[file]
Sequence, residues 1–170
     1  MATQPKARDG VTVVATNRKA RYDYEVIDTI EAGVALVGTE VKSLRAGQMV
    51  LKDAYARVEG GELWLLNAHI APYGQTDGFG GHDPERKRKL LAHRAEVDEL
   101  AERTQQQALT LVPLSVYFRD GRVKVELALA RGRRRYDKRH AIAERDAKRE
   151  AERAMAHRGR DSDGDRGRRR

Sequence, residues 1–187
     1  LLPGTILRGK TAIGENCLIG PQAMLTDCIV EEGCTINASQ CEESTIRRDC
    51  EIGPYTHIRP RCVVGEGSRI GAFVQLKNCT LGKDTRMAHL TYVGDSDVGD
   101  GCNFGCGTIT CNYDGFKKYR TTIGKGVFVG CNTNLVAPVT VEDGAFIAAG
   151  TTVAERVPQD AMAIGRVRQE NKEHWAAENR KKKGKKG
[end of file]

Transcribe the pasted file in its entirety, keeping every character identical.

Sequence, residues 1–170
     1  MATQPKARDG VTVVATNRKA RYDYEVIDTI EAGVALVGTE VKSLRAGQMV
    51  LKDAYARVEG GELWLLNAHI APYGQTDGFG GHDPERKRKL LAHRAEVDEL
   101  AERTQQQALT LVPLSVYFRD GRVKVELALA RGRRRYDKRH AIAERDAKRE
   151  AERAMAHRGR DSDGDRGRRR

Sequence, residues 1–187
     1  LLPGTILRGK TAIGENCLIG PQAMLTDCIV EEGCTINASQ CEESTIRRDC
    51  EIGPYTHIRP RCVVGEGSRI GAFVQLKNCT LGKDTRMAHL TYVGDSDVGD
   101  GCNFGCGTIT CNYDGFKKYR TTIGKGVFVG CNTNLVAPVT VEDGAFIAAG
   151  TTVAERVPQD AMAIGRVRQE NKEHWAAENR KKKGKKG